| An artist gives final touches to a tableau of the animal husbandry department ahead of Republic Day celebrations in Bhopal on Friday. (PTI)
Bhopal, Jan. 24: Under Uma Bharti’s rule, it’s advantage cows in the land of the tiger.
The new chief minister, who believes the quadruped is the remedy to all problems, chaired a high-powered meeting today that unanimously agreed to implement her vision of Madhya Pradesh as a cow state.
The proposals adopted today provide for a gaushala (cowshed) for every cluster of 10-12 villages. The state has approximately 52,000 villages.
These gaushalas would stand on government aid though a task force has promised to make the project “self-reliant” in three months. The task force has made several recommendations, like deploying thousands of daily wagers as gau sevaks (caretakers). The agro-based products from the gaushalas would be exempted from taxes.
Soon after taking over, Uma had announced that about 28,000 daily wagers sacked by the Digvijay Singh regime would be brought back.
Uma said these gaushalas would be established on the banks of rivers and would help promote heritage tourism. The chief minister said her source of inspiration was Holland — known for its milk and milk-products — where dairies were invariably located near waterbodies. “The cows are so well-fed and looked after there that they often sing,” said a beaming Uma.
Her associates said India is no stranger to a “cow-based economy”. The cow is the foundation of one of the greatest economies in the world, said the policy paper of the new regime pointing out that almost all basic necessities of life can be met by cattle.
In the rural areas of Madhya Pradesh, for instance, the bullock pulls the plough, manures the land with its dung and feeds on the leftover stalks of cereal crops. Without them, Madhya Pradesh would need lakhs of tractors — in place of only the thousands it has — to bring all its acres of arable land under mechanised farming.
Moreover, the problem of farming does not solve itself by employing tractors. Fewer bullocks mean less manure and a need for tonnes of fertilisers. This demand can be met by increasing the bovine population, which in 1997 stood at around one crore sixty-seven lakh. Uma has already ordered a fresh headcount.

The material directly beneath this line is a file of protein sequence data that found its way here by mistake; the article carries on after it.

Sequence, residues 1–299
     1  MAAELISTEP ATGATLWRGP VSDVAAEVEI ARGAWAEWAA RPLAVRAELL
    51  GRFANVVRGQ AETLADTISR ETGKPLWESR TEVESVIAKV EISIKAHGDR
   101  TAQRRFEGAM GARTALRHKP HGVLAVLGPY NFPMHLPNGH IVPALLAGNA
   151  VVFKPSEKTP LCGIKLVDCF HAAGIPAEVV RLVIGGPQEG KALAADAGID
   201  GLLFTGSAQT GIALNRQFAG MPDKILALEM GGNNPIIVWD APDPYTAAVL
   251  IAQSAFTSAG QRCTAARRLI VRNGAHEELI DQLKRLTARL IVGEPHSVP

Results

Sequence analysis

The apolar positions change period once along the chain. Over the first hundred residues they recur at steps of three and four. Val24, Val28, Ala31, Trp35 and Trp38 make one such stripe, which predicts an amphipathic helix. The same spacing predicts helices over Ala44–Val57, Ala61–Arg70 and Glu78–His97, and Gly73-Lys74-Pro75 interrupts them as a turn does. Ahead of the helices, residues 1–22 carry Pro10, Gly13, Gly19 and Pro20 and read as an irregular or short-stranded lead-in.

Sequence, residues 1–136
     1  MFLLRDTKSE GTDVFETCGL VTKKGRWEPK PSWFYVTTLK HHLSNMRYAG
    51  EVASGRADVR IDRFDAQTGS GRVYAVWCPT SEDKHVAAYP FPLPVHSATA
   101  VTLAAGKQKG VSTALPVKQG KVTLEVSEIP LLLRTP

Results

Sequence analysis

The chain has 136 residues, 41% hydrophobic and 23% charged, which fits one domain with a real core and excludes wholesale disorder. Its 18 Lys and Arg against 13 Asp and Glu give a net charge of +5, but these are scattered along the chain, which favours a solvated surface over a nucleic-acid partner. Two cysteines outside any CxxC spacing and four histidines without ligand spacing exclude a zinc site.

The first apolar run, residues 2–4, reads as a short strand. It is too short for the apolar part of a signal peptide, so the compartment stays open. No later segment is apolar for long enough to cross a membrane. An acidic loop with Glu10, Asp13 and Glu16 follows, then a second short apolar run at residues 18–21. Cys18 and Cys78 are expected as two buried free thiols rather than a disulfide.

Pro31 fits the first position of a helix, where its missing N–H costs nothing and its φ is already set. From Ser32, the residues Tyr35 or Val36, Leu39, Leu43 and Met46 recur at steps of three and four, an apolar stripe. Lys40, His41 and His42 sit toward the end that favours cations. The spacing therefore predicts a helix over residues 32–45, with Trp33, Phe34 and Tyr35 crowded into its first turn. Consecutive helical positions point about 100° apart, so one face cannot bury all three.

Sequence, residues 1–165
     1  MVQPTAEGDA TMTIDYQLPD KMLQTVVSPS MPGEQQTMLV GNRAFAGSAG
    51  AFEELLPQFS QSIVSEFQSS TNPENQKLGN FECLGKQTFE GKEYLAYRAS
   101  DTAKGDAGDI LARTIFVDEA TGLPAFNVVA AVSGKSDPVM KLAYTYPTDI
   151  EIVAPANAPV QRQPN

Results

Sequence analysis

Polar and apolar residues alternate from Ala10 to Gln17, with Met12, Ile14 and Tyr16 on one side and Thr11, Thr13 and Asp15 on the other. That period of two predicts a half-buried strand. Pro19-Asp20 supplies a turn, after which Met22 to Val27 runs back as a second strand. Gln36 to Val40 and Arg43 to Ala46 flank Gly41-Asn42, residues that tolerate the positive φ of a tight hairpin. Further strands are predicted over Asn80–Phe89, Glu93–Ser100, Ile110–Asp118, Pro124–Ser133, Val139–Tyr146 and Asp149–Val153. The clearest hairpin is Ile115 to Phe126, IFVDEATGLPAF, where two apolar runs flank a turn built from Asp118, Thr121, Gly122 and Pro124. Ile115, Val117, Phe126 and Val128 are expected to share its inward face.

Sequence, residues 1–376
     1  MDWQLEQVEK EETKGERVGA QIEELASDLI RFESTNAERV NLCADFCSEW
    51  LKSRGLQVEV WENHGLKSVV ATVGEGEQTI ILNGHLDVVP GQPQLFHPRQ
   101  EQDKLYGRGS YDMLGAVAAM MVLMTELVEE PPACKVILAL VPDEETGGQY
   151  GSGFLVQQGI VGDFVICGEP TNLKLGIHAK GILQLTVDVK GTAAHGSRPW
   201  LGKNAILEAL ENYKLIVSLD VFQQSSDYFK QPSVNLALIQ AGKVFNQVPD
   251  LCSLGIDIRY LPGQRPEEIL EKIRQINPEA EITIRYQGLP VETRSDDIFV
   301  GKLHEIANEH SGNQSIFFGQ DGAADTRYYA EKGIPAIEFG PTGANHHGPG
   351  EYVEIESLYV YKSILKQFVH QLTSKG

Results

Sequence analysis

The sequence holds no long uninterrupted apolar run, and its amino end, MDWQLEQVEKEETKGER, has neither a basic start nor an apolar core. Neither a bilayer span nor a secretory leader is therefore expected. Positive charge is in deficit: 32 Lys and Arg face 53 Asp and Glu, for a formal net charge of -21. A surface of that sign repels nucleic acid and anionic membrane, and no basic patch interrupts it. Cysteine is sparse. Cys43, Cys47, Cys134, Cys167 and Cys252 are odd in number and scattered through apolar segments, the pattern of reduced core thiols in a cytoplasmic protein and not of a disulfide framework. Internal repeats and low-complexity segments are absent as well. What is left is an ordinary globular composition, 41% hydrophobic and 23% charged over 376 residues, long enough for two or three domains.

Turning to food, the protagonists of a cow-based economy said the government spends huge amounts of money on insecticides, pesticides and even air-conditioned godowns to preserve foodgrain. Still, the results are often far below expectation.
They pointed out that the cheapest and most secure method of food preservation is to mix equal quantities of the ash of cow-dung cakes and foodgrain and store it in containers. Cow dung ash is germicidal and absorbs moisture.
Thus, if there are enough cows and rationing and controls are removed, people can store foodgrain for almost two years by themselves, solving the food preservation problem.
The serious implementation of a cow-based economy would reflect on housing and employment too. The choice of a house depends on several considerations like finance and climate. Therefore, a practical way would be to provide cowdung reinforced mud-dwellings that are more suited to the climate, necessities and, most important, the finances of the people.
While cement structures demand costly repairs in about five years, the only maintenance the dung-mud dwellings need is a fresh coating of the mixture. Yet, such structures built two to three hundred years ago stand today.
Similarly, the severe power crisis in the state can be easily overcome if biogas plants are given a fresh impetus. There are over 1,200 villages in the state that do not have electricity and given their consumption pattern, biogas plants can meet their needs.